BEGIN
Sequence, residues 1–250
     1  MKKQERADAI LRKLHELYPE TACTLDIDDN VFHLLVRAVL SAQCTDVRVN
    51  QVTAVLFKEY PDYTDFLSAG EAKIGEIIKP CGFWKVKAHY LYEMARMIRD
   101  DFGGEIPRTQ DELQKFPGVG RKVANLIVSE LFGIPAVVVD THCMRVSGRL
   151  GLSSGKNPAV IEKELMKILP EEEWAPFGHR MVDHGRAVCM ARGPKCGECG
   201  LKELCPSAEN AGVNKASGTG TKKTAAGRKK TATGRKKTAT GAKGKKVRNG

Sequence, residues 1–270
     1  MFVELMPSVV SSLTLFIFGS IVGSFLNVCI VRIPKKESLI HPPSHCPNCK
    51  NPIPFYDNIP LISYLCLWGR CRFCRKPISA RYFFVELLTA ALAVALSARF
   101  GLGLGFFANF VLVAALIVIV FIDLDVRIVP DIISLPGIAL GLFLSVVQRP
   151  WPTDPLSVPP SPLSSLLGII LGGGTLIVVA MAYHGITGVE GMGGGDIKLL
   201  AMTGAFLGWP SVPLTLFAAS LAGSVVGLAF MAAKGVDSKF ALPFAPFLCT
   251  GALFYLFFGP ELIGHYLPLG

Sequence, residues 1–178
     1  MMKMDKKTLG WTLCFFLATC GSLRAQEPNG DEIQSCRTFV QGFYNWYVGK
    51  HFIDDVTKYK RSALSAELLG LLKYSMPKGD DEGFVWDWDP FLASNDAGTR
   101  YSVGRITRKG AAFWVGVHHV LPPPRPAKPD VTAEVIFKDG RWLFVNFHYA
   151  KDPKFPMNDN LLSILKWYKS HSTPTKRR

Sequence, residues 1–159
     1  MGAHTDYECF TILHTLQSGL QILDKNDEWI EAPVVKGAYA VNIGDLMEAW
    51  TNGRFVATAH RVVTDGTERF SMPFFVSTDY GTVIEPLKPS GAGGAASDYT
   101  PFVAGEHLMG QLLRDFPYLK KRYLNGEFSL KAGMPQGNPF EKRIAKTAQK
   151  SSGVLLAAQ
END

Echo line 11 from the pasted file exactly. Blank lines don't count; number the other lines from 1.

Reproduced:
   151  WPTDPLSVPP SPLSSLLGII LGGGTLIVVA MAYHGITGVE GMGGGDIKLL